dispatches from Pittcon 2017

Ellutia unveils system for conventional, fast and ultra-fast GC

By Joseph James Whitworth contact

- Last updated on GMT

Ellutia 500 series GC launched at Pittcon 2017
Ellutia 500 series GC launched at Pittcon 2017

Related tags: Gas chromatography

Ellutia has launched the 500 Series gas chromatograph at Pittcon.

It can perform conventional and fast gas chromatography with an air blown oven and Ultra-Fast Chromatography with directly heated columns.

In ultra-fast mode, metal capillary columns are directly resistively heated allowing increased ramp rates and upper temperature limits and decreased cool down times and reduced energy consumption.

Shipping is planned for June/July with a launch in countries where the firm has offices to support customers before a rollout through distributors globally.

500 Series range of instruments

Andrew James, marketing director at Ellutia, told FoodQualityNews that the instrument is an exciting new idea for GC.

“So we are combining the techniques of conventional GC which is a conventional GC column in an air blown oven, fast GC which is where you would have a shorter column but still in a conventional air blown oven and ultra-fast GC where you are using resistive heating to rapidly temperature program your column all into one system,” ​he said.

“This gives it the benefits that you can install your existing columns, run your existing methods for conventional and fast GC.

“However, if you want to try ultra-fast GC you can install one of the metal columns, the GC can then apply electricity directly to the column which means it can be resistively heated so you can get massively faster ramps and the column itself is just what has been heated so you can cool down much faster.”

James said compared to conventional GC which might be a 30-40 minute run, users can now achieve runs of four or five minutes.

“So cycle time is reduced which means sample throughput can be increased or if you have an application where you need an answer quicker the ultra-fast side will lend itself to that. You can switch between conventional and ultra-fast depending on your applications.”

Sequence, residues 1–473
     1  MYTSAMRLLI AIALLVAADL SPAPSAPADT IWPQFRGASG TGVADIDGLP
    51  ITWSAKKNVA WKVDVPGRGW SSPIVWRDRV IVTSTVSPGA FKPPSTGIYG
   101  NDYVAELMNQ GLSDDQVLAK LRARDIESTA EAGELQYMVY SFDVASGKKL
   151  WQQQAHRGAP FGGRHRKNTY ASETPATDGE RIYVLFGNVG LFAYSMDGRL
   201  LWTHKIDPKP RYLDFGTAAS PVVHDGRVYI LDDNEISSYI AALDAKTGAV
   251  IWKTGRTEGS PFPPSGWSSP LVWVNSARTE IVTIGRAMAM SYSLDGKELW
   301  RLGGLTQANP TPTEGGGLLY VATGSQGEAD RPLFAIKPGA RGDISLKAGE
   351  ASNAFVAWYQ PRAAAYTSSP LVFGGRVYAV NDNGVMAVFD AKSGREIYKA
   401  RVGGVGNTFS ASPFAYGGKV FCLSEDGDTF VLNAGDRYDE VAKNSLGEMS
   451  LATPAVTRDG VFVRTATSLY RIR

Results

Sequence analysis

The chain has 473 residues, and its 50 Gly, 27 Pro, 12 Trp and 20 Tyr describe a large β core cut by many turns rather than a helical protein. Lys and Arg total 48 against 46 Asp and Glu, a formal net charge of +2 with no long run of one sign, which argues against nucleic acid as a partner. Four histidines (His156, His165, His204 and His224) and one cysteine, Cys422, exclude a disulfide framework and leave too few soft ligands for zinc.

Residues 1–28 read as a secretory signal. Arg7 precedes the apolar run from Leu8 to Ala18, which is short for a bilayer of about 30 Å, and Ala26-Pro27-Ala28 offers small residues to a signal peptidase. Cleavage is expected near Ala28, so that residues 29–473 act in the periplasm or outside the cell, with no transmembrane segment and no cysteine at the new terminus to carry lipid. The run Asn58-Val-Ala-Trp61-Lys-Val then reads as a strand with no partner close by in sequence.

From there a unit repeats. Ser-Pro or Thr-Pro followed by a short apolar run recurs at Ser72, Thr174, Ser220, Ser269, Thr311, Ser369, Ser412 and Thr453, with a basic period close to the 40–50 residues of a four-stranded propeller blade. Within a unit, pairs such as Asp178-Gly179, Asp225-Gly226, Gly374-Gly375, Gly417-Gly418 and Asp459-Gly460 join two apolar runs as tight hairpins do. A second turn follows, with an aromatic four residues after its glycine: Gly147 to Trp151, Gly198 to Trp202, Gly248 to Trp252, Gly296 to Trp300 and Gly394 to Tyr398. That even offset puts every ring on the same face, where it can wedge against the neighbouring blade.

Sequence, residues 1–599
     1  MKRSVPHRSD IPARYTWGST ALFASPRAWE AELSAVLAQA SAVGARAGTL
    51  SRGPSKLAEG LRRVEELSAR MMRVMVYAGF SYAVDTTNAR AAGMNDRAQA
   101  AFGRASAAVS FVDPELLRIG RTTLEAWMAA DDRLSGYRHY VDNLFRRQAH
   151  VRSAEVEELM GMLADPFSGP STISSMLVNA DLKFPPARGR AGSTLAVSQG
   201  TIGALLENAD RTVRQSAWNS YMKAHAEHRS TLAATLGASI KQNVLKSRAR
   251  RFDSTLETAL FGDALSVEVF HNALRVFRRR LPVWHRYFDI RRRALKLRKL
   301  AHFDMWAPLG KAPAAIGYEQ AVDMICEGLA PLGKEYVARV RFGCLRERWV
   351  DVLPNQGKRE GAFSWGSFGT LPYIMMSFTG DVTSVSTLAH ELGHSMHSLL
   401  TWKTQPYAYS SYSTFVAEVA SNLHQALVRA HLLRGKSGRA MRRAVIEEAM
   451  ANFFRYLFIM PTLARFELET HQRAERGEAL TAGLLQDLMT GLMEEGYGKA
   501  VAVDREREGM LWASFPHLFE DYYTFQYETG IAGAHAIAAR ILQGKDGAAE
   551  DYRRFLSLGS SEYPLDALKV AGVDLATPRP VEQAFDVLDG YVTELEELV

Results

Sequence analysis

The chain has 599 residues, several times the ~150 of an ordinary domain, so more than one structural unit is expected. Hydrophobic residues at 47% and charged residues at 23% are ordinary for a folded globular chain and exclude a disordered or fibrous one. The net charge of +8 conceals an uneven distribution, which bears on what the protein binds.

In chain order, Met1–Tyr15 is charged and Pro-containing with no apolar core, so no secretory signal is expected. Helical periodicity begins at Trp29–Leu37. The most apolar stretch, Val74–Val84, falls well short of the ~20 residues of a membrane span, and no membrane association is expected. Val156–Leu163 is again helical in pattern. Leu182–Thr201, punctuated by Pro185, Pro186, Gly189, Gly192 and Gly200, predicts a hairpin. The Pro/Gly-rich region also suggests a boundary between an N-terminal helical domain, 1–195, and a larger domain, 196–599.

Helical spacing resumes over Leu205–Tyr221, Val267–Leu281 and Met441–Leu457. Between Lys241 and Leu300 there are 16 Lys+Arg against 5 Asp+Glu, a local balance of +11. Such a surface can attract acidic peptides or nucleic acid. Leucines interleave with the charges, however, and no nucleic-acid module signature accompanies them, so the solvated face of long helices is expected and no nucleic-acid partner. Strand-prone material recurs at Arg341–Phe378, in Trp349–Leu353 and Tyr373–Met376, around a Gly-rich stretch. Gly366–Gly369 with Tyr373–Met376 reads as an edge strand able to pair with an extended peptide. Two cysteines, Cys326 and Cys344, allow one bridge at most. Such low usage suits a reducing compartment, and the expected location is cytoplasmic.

When asked about column life, James said it is hard to compare between a conventional column and an ultra-fast column.

“Part of it will depend on how many samples you are putting through it because you may be able to put five to 10 times more samples through it in the same period so chances are it won’t last as long but the number of samples that you will be able to put through it is comparable," ​he said. 

“We are also heating the column directly, whereas other ultra-fast GC manufacturers are looking potentially at column modules.

“This might be a column with a heated bundle with it or a column inside of a steel tube that is heated or a column module where it is all built into one thing so if you dirty the front end of your column or damage it somehow you would have to replace the entire module.

“What we are doing is if you were to dirty the front end of your column you can just take the loop off, snip it like you would a conventional column put it back in the GC would then measure the resistance of the column it knows the diameters of it so it can calibrate the length, recalibrate itself and you can carry on working without having to replace your entire column.”

Recommended gas and detector

The 200 series compact GC, originally designed for education, is seen as an entry GC so people can get used to using such a system – it can’t hit some of the upper temperatures and doesn’t have some of the features of the 500 series.

The 500 is pitched more towards the higher end of the market for more demanding applications but the ultra-fast system lends itself to new application areas which labs haven’t been able to previously target. So application areas with lots of samples or where an answer is needed quicker.

Ellutia recommends when using ultra-fast GC to use hydrogen or helium as a carrier gas.

“At launch it has an FID detector with ECD and FPD detectors planned before transfer lines to other specialist detectors such as TEA or mass spectrometry,” ​said James.

“One of the issues with mass spec detectors, particularly with ultra-fast is finding one that can keep up with the speed at which the components elute. So you really need to look at Time of Flight mass spec to be able to keep up with the speed at which things elute.

“There are a number of TOFs out there at the moment that are very expensive but this is one of the areas we are looking into and hope to have an offering to this which is a bit more cost effective towards the end of this year or early next year.

“From a lot of people that we’ve talked to the ultimate dream scenario for them has been TOF interfaced to ultra-fast GC so you get fast results and full confirmation of what you are looking at.”

Related topics: Food Safety & Quality

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